Medicare Benefits Fall Short of Employer-Provided Health Care Plans

Published December 1, 2008

Employer-provided health plans provide more generous benefits to seniors than Medicare does, according to an analysis conducted by the Kaiser Family Foundation and Lincolnshire, Illinois-based Hewitt Associates.

The study compared the traditional fee-for-service Medicare benefit package, including the prescription drug benefit, with typical large employer-provided health plans. The study found seniors enrolled in Medicare were eligible for approximately $10,600 in annual benefits—$1,500 less than the typical large-employer PPO, which provided $12,160.

Even the standard health coverage available to federal workers under the Federal Employees Health Benefits Plan (FEHBP) edged out Medicare, offering $11,780 in benefits.

Medicare ‘Less Generous’

“Adopting the Medicare benefit package as a model for expanding coverage to the uninsured would clearly provide substantial assistance to those without insurance, as it now does for people on Medicare, but would offer less protection than the typical large employer plan or the FEHBP standard option,” wrote the authors of the study, titled “How Does the Benefit Value of Medicare Compare to the Benefit Value of Typical Large Employer Plans?”

“Medicare is less generous, on average, than the comparison employer plans because it has higher cost-sharing, … no out-of-pocket limit on services provided, … and less-generous drug coverage,” the authors wrote.

“In addition, large employers typically provide some dental coverage while Medicare does not generally cover dental care. Including dental in the total value of the benefit package … further reduces the value of Medicare compared to employer plans. However, a similar picture would emerge even if dental benefits were excluded,” they noted.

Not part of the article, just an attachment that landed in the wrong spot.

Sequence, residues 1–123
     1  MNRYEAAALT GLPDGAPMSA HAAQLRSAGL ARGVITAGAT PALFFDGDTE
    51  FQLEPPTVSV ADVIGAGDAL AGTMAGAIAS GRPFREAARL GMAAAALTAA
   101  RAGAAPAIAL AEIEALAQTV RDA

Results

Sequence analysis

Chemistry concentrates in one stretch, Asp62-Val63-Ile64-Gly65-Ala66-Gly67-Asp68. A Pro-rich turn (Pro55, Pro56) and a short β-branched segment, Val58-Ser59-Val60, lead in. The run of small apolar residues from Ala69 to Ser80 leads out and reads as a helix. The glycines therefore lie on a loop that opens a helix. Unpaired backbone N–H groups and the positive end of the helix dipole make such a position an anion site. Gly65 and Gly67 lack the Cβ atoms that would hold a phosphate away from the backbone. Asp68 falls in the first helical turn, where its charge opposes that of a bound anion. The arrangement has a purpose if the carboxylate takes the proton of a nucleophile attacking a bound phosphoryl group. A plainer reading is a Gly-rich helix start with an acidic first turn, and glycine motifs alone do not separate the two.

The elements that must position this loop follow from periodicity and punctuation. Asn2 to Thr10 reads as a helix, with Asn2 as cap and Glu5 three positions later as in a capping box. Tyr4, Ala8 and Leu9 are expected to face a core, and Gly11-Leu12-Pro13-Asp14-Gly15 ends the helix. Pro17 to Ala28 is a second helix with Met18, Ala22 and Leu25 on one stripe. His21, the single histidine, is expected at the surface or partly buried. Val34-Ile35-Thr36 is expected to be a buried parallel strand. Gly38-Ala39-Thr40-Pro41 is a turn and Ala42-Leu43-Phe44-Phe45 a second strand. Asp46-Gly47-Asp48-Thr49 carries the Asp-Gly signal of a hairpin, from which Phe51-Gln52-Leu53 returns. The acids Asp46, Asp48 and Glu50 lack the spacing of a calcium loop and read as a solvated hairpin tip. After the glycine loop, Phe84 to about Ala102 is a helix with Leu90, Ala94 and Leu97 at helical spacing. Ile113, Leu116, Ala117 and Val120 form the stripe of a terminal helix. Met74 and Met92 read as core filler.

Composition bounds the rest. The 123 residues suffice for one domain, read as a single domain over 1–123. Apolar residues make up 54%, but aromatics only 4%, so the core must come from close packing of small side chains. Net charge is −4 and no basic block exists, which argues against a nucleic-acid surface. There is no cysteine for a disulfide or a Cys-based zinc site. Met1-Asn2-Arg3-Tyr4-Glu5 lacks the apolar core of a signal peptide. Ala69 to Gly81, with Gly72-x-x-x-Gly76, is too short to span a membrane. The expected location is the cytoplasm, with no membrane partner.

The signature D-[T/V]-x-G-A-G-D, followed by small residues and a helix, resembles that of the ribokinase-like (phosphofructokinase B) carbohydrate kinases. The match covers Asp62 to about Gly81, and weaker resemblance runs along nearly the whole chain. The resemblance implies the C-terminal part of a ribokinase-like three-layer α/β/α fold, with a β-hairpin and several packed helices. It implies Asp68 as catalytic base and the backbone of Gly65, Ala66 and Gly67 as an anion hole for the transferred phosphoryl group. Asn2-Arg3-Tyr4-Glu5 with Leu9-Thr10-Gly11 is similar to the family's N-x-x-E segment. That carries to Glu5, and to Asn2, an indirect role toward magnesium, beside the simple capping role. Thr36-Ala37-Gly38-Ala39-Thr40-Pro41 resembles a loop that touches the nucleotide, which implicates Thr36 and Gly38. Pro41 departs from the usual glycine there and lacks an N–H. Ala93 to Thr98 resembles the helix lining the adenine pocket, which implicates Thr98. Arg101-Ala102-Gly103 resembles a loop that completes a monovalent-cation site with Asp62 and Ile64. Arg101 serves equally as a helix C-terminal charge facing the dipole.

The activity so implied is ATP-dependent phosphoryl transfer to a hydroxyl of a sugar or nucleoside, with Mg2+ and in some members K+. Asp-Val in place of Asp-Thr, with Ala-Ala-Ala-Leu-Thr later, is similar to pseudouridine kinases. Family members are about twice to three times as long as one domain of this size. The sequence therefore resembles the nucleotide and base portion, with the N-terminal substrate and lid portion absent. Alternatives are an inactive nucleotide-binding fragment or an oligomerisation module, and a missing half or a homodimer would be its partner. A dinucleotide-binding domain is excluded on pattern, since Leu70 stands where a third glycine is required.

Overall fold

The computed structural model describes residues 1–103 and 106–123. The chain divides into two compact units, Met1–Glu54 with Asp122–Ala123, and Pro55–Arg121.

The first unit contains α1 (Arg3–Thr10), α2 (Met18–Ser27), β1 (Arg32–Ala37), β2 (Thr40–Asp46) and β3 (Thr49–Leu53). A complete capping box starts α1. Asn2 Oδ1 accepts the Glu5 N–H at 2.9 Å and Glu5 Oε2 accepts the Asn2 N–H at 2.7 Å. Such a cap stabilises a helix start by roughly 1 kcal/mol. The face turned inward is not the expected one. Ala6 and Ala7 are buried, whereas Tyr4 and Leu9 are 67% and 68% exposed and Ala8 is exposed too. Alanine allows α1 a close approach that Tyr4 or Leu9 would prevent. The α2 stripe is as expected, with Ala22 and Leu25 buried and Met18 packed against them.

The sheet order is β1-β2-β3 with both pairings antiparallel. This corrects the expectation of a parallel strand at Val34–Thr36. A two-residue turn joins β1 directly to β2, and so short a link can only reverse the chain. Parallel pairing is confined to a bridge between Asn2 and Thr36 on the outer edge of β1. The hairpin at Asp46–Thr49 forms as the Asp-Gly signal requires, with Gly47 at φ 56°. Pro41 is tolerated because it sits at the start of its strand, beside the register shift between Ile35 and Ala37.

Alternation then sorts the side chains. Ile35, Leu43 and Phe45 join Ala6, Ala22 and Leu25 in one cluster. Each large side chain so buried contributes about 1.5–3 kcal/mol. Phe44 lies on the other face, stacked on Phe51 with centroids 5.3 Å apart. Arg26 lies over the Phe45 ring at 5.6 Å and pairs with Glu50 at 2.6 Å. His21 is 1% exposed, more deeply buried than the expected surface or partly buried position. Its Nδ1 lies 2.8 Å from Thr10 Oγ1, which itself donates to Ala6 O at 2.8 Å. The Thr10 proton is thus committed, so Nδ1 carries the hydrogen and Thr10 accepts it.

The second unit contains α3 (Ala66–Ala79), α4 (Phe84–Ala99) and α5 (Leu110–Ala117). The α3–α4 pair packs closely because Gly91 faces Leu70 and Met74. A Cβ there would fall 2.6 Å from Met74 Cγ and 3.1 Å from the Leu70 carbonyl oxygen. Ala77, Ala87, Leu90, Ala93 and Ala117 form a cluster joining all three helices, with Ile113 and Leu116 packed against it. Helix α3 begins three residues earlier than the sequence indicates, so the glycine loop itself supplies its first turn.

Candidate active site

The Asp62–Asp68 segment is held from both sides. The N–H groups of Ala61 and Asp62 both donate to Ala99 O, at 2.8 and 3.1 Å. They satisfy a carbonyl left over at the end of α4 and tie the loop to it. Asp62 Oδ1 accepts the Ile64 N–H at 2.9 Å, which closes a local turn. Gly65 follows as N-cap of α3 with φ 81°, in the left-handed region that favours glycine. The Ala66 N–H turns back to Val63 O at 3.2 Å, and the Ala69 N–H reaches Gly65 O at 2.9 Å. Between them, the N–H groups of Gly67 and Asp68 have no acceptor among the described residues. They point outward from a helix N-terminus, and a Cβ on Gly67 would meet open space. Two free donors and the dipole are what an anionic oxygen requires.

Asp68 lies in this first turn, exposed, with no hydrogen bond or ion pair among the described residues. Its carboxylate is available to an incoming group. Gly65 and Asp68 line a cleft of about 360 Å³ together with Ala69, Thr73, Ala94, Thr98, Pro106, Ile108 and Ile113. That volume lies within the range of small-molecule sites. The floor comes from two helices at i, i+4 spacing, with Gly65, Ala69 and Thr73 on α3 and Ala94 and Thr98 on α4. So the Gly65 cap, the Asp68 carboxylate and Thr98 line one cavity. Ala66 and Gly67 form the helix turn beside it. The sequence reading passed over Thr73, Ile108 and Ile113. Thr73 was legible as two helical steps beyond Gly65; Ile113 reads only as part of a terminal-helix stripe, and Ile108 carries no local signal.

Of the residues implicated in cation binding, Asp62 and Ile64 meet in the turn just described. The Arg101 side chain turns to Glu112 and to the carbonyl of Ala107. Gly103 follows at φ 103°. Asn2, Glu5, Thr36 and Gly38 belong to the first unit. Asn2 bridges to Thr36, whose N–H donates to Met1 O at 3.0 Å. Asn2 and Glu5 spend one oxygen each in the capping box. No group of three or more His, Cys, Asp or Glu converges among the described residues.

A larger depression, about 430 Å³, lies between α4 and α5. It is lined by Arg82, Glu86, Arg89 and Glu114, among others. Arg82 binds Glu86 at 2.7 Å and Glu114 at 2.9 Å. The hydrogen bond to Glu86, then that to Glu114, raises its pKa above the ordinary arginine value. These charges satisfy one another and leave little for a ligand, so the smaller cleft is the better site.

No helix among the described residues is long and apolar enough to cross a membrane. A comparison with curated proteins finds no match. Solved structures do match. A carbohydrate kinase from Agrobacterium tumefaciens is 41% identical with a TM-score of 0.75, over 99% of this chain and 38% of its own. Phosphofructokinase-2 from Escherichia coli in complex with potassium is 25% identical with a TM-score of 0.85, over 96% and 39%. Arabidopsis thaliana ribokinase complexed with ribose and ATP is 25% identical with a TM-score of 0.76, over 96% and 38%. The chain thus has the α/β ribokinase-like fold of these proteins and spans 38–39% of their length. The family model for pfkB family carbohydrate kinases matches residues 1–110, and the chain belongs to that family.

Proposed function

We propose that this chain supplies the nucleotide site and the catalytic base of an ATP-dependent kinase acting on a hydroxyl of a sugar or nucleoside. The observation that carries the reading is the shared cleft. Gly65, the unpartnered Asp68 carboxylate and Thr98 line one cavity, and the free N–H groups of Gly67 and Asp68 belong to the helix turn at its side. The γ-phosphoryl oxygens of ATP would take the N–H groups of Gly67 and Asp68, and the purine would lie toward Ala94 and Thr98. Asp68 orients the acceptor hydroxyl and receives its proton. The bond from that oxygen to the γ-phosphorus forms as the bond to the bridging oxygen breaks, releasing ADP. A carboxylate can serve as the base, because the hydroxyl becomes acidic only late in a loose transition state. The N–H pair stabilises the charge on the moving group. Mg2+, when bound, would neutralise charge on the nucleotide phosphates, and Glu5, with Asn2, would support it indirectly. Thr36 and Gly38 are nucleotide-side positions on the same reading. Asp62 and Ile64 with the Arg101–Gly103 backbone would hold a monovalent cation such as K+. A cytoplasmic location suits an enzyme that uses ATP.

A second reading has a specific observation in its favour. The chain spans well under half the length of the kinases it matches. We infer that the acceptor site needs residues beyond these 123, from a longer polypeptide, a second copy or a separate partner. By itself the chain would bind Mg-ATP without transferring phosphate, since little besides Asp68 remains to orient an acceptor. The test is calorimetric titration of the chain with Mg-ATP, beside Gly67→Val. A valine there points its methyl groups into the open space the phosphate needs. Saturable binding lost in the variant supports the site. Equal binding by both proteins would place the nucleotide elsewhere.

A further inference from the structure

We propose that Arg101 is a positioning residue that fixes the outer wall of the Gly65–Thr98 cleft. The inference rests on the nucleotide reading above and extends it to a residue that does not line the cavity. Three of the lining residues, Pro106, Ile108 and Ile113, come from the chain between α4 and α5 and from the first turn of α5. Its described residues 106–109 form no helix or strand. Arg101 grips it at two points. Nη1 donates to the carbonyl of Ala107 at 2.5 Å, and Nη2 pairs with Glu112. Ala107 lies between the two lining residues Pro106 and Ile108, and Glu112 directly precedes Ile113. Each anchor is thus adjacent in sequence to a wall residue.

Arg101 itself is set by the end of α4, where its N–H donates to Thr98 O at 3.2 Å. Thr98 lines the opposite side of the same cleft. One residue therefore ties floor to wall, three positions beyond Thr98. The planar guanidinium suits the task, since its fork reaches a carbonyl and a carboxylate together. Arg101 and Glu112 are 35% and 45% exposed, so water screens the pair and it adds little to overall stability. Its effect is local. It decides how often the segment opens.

More Needs, Fewer Benefits

“What is especially galling about the fact that Medicare benefits are less generous than health plans that people get from their employers is that Medicare beneficiaries are seniors, and therefore have more medical needs,” said John R. Graham, director of health care studies at the Pacific Research Institute.

“A private company is reacting to market forces when determining benefit amounts, and Medicare is captive to the government budget process and special-interest groups,” said William J. Felkner of the Rhode Island-based Ocean State Policy Research Institute.

“It is appalling that the government taxes us every working day to subsidize an inferior health benefit and then orders us out of superior health benefits when we are likely to need them most,” said Graham.

“Instead,” Graham said, “the government needs to let us keep more of our own money and let us keep health benefits of our own choice throughout our lives, not rip it away from us when we are in our sunset years to shove us into a government-monopoly health plan.”


Dr. Sanjit Bagchi ([email protected]) writes from India.

For more information …

“How Does the Benefit Value of Medicare Compare to the Benefit Value of Typical Large Employer Plans?” Kaiser Family Foundation and Hewitt Associates, September 2008: